A completely unscientific observation from Sara and Jen: it does appear that women’s television shows are featuring heavy drinking more frequently than ever. Sex in the City was well-known for its endless cocktails – hey, it made Cosmopolitans famous. But shows like Grey’s Anatomy, Men in Trees and others feature stressed-out young women pounding shots whenever they’re upset (didn’t it used to be ice cream?). Scientists do say that when it comes to drinking, women are “keeping up” with men in increasing numbers.
What do you think, Apples?
Web it out:
Vegan Lunch Box turned us on to this great article about the difference between soda and fruit juice (the answer: not much). The article isn’t brand-spanking-new, but since the unethical bloodsuckers over at Capri Sun and Sunny D are still raking in the cash, it could use a little clickativity. Spread the word, Apples.
Worker Bees Daily Bites
Sick of peanut butter already? No worries – there’s plenty of clickativity coming out of the health world today.
MS and Hormones
Scientists have discovered that a pregnancy hormone helps repair myelin, the fatty tissue that protects nervous system cells. This has important implications for MS, which strikes far more women than men. We’ll bring you the updates as research continues, Apples.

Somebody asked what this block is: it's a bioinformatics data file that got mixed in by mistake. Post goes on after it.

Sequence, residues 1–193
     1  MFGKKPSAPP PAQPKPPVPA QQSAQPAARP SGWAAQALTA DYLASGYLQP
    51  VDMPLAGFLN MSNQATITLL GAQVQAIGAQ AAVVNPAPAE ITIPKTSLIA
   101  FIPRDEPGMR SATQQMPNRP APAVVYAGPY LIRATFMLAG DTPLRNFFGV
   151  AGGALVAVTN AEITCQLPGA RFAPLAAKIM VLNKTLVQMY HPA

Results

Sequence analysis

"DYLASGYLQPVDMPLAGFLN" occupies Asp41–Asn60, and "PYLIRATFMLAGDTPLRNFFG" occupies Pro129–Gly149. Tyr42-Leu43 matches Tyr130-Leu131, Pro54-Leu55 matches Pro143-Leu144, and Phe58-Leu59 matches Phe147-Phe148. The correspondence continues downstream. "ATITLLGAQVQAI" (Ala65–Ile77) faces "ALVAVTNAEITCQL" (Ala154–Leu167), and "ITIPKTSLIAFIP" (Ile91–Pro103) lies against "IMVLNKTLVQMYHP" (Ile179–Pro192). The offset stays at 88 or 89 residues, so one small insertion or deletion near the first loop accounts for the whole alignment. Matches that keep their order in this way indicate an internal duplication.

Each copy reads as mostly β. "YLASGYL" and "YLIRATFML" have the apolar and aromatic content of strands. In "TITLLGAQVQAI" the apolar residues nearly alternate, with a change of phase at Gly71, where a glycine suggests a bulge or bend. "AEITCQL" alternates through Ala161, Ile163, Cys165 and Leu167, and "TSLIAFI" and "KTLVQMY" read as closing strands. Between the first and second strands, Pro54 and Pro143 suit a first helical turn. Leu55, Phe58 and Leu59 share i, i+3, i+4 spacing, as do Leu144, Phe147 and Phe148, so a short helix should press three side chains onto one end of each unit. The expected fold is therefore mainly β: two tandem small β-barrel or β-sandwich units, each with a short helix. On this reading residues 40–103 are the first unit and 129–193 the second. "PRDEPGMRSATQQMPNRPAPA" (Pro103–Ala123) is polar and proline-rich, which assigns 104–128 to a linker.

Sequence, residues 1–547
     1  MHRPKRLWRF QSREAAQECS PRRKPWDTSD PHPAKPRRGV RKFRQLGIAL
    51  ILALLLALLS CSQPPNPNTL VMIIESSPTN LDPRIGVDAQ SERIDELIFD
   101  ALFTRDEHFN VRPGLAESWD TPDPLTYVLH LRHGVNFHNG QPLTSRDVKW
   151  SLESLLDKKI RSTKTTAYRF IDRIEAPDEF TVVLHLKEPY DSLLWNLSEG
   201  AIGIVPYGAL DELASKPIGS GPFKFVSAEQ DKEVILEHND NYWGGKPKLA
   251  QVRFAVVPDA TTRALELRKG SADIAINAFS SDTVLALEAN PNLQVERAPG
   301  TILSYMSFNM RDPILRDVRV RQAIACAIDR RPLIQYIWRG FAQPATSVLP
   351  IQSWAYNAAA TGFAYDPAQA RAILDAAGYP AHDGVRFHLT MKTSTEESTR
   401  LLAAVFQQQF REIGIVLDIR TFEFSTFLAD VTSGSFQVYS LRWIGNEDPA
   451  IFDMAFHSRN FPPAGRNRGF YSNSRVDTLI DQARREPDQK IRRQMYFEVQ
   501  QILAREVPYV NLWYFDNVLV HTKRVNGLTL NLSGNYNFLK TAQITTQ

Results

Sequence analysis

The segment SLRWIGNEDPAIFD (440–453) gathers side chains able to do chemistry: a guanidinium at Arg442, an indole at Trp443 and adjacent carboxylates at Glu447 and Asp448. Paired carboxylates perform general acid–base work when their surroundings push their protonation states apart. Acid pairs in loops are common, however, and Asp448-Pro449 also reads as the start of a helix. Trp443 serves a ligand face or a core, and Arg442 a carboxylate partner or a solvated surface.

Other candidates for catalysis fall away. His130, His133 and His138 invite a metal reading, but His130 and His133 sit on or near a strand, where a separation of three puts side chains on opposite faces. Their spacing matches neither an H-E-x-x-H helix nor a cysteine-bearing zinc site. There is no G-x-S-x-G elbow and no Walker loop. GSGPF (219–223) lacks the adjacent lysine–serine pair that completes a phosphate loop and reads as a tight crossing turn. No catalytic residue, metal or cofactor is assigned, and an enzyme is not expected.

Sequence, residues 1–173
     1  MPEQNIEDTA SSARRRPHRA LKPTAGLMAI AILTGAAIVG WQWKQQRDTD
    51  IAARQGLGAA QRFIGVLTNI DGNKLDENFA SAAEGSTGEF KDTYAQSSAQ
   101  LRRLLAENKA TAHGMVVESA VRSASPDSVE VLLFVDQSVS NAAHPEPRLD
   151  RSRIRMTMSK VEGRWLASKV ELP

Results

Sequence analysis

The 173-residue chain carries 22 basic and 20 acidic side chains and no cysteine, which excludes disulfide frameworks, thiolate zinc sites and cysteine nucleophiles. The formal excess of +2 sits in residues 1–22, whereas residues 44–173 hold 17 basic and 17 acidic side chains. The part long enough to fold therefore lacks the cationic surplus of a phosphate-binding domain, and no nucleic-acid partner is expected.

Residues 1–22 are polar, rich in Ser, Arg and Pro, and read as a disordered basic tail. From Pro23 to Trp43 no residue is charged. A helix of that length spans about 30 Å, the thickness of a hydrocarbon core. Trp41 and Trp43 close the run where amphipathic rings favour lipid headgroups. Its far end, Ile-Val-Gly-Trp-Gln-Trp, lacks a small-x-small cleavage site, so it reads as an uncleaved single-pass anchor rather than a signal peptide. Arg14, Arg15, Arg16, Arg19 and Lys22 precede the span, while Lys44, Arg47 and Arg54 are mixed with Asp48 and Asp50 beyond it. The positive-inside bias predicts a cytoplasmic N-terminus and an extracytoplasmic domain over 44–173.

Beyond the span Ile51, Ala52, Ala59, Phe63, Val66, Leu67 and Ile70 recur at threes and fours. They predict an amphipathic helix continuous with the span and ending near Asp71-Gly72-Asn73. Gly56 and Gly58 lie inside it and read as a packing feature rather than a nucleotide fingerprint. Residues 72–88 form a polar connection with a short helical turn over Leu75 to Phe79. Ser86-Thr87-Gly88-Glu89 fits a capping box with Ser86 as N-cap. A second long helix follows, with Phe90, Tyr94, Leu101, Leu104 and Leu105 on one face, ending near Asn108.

We Sure Know How to Spend
Health care spending is projected to double in the next decade. For an American earning 60,000 dollars a year, that means – on average – 12,000 bucks. Yikes! And you thought your premium was high now…
Spendy areas? Diabetes and cardio concerns like high cholesterol and heart disease are top among the health problems fueling growing costs. Suddenly, prevention looks awfully appealing.
Jean Scheijen photo
It Was Only a Matter of Time
If you’ve ever sent yourself an email just to have a message to check, um…you’re not alone?
Evidently, email addiction is such a prevalent problem these days, there’s now a 12-step program. For the love of tofu, people, stop working so much!
Keep in mind tonight: when the evening news talks about heart disease killing 1 in 3 women, that’s not 1 in 3 women who have heart disease. That’s 1 in 3 women – across the board.
Worker Bees’ Daily Bites
We’re feeling feisty. Something about Tuesdays…
Wait, what are we talking about – we’re feisty every day.
Sisson’s top picks are downright controversial today, so dig in: